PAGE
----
Video Production Tips

What is aperture?

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What is aperture and how can you use it correctly to create brilliant photographs and video footage? Here's everything you need to know about aperture.

  • What is aperture?

  • What is the correlation between aperture and the camera lens you use?

  • How is the aperture controlled in the camera?  

  • How do aperture, ISO and shutter speed work together?

  • How to use Aperture priority or AV mode on a DSLR?

  • How to use aperture while creating videos from a DSLR?

  • How to use aperture while creating videos from a smartphone camera?

Close up of a camera lens signifying aperture - What is aperture - Clipchamp Blog

What is aperture?

Aperture is the opening in the lens through which the light passes to enter the camera onto the camera sensor. It works just like the pupil of a human eye. When the light is dim and low, the pupil allows more light to pass through. When there is too much light, our pupils shrink to allow little light to pass.

Simply explained, the camera lens works the same way our pupil does.  

Aperture is identified by a f/number, often called a f/stop. f/stop is the ratio of the focal length to the diameter of a camera lens’s diaphragm. It is also known as the focal ratio. f/stops indicate how open or close the aperture is.

A smaller f/stop means a larger aperture while a larger f/stop means a smaller aperture. 

How aperture of a camera works - What is aperture - Clipchamp blog

What is the correlation between aperture and the camera lens you use?

Aperture not only decides the amount of light entering the camera but also has a huge impact on the depth of field.

A larger f/number such as f/16 will bring the foreground as well as background into focus while a small f/number such as f/1.4 will focus either on the background or the foreground objects while blurring everything else.

Every camera lens has an aperture limit of how large or small the aperture can get. The camera lens has its f/number limits specified on top of the lens. The maximum f-number of any lens indicates the speed of the lens.

Prime lenses have a fixed focal length hence they cannot zoom without physical movement from the photographer.

On the other hand, Zoom lenses allow you to zoom in while the aperture gets smaller as the focal length increases. Zoom lenses are also called ‘variable aperture lenses’. 

How is the aperture controlled in the camera?  

Controlling aperture needs to be mastered in manual mode to achieve perfect results.

Once your camera is in manual mode, you can use the camera’s program controls to navigate through the various f-stops compatible with your lens.

Alternatively, if your camera lens has an aperture ring you could shift the aperture ring on your lens to your desired setting. 

How do aperture, ISO and shutter speed work together?

Aperture, ISO, and shutter speed are interlinked, changing any one of these will affect the other.

It can be challenging for beginners to balance these initially so one can start with the aperture priority mode (AV) where the camera decides the shutter speed and ISO automatically.

A larger aperture that allows more light into the camera also enables you to use a faster shutter speed and a lower ISO value. This removes the chance for grainy pictures or motion blurs to appear.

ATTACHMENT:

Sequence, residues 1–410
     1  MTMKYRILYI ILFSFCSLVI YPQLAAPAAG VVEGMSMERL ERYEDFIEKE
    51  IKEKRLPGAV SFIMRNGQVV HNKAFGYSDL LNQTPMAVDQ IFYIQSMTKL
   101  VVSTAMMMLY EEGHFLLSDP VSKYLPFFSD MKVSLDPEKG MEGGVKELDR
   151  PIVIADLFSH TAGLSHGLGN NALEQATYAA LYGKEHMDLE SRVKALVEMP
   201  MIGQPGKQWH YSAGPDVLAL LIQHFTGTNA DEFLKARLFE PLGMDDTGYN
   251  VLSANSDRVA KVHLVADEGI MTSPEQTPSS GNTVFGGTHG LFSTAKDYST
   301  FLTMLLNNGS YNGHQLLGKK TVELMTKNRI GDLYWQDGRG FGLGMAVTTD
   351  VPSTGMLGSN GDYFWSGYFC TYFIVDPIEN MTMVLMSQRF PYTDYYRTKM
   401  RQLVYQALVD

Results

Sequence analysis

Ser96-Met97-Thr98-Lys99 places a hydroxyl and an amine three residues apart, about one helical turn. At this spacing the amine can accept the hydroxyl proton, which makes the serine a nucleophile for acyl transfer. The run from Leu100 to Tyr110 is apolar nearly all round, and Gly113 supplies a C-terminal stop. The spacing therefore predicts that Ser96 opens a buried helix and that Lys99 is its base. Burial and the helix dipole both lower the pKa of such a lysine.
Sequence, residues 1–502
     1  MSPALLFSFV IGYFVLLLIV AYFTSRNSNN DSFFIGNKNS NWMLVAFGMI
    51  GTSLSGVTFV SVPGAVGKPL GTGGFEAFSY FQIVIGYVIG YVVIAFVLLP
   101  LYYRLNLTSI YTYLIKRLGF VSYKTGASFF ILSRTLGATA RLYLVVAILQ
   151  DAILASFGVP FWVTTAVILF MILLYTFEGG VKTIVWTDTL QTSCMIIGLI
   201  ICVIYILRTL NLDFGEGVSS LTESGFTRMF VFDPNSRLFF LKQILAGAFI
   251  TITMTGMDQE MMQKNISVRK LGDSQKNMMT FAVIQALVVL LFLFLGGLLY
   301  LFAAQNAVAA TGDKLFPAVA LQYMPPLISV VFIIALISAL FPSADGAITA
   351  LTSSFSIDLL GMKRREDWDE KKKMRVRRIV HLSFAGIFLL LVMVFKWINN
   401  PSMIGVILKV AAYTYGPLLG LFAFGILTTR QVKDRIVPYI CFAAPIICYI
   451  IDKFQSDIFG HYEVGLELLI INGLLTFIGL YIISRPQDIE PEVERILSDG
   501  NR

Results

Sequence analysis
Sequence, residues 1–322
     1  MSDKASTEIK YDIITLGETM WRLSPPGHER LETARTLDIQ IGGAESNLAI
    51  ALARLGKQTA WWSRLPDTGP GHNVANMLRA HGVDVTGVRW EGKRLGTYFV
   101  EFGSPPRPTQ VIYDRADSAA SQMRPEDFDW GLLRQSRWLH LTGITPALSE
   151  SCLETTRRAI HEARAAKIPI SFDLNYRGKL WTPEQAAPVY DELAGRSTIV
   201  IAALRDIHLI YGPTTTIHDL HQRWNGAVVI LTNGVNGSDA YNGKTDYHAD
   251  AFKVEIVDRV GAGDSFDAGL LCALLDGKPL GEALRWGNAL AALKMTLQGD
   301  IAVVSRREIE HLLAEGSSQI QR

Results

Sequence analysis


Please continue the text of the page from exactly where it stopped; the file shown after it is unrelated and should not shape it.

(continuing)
Faster shutter speeds can help you to capture moving objects very easily while slower shutter speeds will get you sharper images and are useful for night landscape photography.

How to use Aperture priority or AV mode on a DSLR?

The Aperture priority or AV mode is a great way to develop an understanding of how your camera works. Use it as a training tool while you're in transit before you are confident enough to use Manual mode to take perfect photos and videos.

The moment you start using aperture priority mode, scroll through the aperture f/stops to understand how your aperture works as well as its limitations.

Once you’re done with choosing your aperture, you need to lock your ISO on AUTO by scrolling past all the ISO options and selecting AUTO ISO. 

Here's a useful tip: if you're taking a portrait and want the background to blur, you can choose to use the 50mm prime lens which offers an aperture of f/1.8.

How to use aperture while creating videos from a DSLR?

Looking to film videos from your DSLR camera? If you've tried automatic mode, you may have seen that your camera can sometimes experience "confusion" around what to light properly as you record video indoors and outdoors.

That's where Manual mode can take away the pain by giving you full control of the aperture while you follow your subject around.  

DSLR camera on tripod during food photography session - what is aperture - Clipchamp blog

How to use aperture while creating videos from a smartphone camera?

Filming videos from a smartphone camera is different from using a professional DSLR camera. Smartphone cameras come equipped with a built-in PRO mode and this creates room for a lot of experimentation! You can use ND filters or moment lenses as well on your smartphone as an attachment to get a variety of aperture values.

Now that you're familiar with aperture, why not experiment with it?

If you're looking to learn more about video production, check out our resources such as what is the rule of thirds and what is aspect ratio. Level-up your video expertise by reading our video glossary.

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Written by Milind Mehta on March 29, 2021
About the Author

Milind Mehta is an actor, emcee, and voiceover artist with experience in the field of video production. He likes everything quirky and original. He writes to share his knowledge and put a smile on your face.

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